Thanks Patricio for the detailed answer which fully eliminated my concerns.
One thing that bothers me all the time is the very late answer from the
board. I'm pretty sure so many comments about Sue wouldn't be said if you
sent this response earlier. We've been through this that these statements
Thanks Pete. I also think that Risker and I have different expectations for
financial disclosure and transparency. My view is influenced by my
experiences with Washington Stare government as well as my experience with
WMF grantmaking, where transparency is prioritized over privacy. Among
On Tue, Jun 7, 2016 at 6:50 PM, MZMcBride wrote:
> Patricio Lorente wrote:
>>We’ve heard your questions and want to address them broadly, as well as
>>provide more information about the breakdown of Sue’s compensation during
> Thank you for this e-mail.
Patricio Lorente wrote:
>We’ve heard your questions and want to address them broadly, as well as
>provide more information about the breakdown of Sue’s compensation during
Thank you for this e-mail.
>One point of confusion is for the period this compensation covers. This is
Agree this is much clearer than the prior answer. Thank you
On Tue, Jun 7, 2016 at 6:37 PM, Liam Wyatt wrote:
> Thank you for this comprehensive breakdown and effort to provide detailed
> responses to the various questions that have been asked here, and
Risker, perhaps you missed this part of Patricio's message; I'm pretty
sure this is what Pine was referring to:
> In re-reading Jan-Bart’s original email  where he stated that Sue was
staying on as an advisor, it isn’t explicit that this was a paid position.
We should have been more clear on
I think Patricio would be surprised that you have interpreted his email
that way, Pine. There's nothing in his email that says anything about
proactive disclosure of the salaries of individual employees or
contractors. It would probably be appropriate to extend your thanks to Sue,
who has agreed
Thank you for pointing that out, Risker. The emails indeed cross paths and
I did not see it.
The point remains: the standard is proactive disclosure, not minimum and
delayed disclosure. The latter happened, and it is not ok. It is a relief
that Sue was not getting $300k per year as an advisor,
Thank you for this comprehensive breakdown and effort to provide detailed
responses to the various questions that have been asked here, and
No-doubt there will be follow-up questions or requests for clarification,
but I just wanted to say thanks to the team of people who evidently put
I consider the systematic omission of proactive disclosure of this
expenditure of at least $300,000 in donor funds to be financial misconduct
and a breach of trust. It's profoundly contrary to the values that this
organization claims to uphold.
On Tue, Jun 7, 2016 at 1:00 PM, Brion Vibber
We’ve heard your questions and want to address them broadly, as well as
provide more information about the breakdown of Sue’s compensation during
this time. We understand the confusion related to this recent 990, given
the period it covers, and the aggregate amounts it reports. Below
On Sun, Jun 5, 2016 at 9:17 PM, Pine W wrote:
> I've been following this discussion with some interest. Can someone point
> us to where Sue's compensation, after she left the Executive Director role,
> was budgeted in the WMF annual plans? That money cannot have come out of
Many volunteer organisations have mandatory training for volunteers, so
that in itself is not a bad idea. But what about the cross-project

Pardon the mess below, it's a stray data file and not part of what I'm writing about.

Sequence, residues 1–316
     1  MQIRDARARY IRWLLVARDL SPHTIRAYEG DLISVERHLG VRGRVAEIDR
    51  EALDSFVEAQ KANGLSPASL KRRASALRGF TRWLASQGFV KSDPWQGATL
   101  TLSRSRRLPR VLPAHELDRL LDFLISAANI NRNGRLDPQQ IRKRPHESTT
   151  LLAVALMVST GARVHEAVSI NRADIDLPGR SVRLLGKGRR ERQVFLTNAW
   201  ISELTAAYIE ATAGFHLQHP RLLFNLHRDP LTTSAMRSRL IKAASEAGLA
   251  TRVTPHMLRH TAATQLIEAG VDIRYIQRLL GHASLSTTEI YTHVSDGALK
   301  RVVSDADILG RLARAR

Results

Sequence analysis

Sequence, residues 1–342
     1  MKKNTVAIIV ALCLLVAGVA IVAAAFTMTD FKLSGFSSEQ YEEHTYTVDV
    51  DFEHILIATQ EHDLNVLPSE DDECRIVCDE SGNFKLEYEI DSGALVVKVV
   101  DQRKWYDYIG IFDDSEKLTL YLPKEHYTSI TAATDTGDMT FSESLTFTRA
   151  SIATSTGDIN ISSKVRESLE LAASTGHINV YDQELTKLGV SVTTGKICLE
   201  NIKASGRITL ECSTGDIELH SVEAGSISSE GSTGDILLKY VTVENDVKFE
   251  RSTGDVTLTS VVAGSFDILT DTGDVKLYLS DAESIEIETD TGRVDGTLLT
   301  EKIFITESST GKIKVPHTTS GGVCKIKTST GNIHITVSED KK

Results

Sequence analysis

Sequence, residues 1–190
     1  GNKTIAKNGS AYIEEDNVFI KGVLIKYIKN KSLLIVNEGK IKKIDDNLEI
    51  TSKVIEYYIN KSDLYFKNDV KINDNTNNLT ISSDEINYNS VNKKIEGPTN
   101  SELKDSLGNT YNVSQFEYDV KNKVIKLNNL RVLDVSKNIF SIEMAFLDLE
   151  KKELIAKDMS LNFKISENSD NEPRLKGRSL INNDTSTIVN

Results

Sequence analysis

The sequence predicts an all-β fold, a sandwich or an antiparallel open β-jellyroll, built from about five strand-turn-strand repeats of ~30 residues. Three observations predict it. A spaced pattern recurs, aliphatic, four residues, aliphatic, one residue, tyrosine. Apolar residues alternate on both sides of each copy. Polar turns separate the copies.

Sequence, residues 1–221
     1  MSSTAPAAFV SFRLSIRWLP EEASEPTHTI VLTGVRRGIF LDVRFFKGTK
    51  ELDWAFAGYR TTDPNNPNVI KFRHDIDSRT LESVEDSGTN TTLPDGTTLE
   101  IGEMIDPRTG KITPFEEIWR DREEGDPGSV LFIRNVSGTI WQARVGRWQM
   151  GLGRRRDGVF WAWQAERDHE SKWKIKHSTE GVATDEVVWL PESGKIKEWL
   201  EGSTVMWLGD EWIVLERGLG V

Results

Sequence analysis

differences that Risker brings up?
And more importantly, how could such training help when faced with the type
of harassment that is referenced 99% of the
I fully agree with Risker. I feel this discussion is only (mainly)
looking at enwp. Harassment probably exist on all versions but the
seriously of the issue look very differently.
Being the most active user and sysop on a smaller version (svwp) I do
not recognize the issues being discussed.
Hmmm. I find this recommendation concerning. There *might* be some
validity on large projects with hundreds of administrators, but there are a
lot of projects with only a few admins, and they were "selected" because
they were willing to do the grunt work of deletions, protections, and
I think that if individual communities create a consensus to mandate
training, or if arbitration committees issue that mandate on particular
wikis, that's completely fine and good. I'm hesitant to say that WMF should
wield a stick to mandate this kind of training for administrators on
My suggestion is to come up with a general type training that can work for
all administrators and functionaries since all have the freedom and
permission to do all types of work on WMF projects. And that training
should be mandatory.
Then people who are focusing on a particular type of
Very exciting and inspiring! Thanks for sharing Ivan!
On Mon, Jun 6, 2016 at 12:57 AM, Hasive N. Chowdhury <
> Great to know Ivan. All the best for Wikimedia Mexico.
> On Fri, Jun 3, 2016 at 5:43 AM, Ivan Martínez wrote:
Thanks for that link. I think that for now I would suggest avoiding making
the training mandatory because we won't know how successful it is until
after we've used it for awhile. After the training has been tested and
refined based on feedback, and if the consensus is that the training
Just to expand a little on what John is saying here, I find it a little odd
that the information to separate out the cost of actually making trademark
applications, and the cost of legal consultants, has not been separated
out. I confess I'm not that familiar with the rules of Form 990,
On 5 June 2016 at 02:28, Liam Wyatt wrote:
> Not to put too fine a point on it... But are you saying that Sue remained
> the most highly paid contractor to the WMF, and at a significantly higher
> rate than when she was the actual ED, until FIVE DAYS ago? That is, well
Mail list logo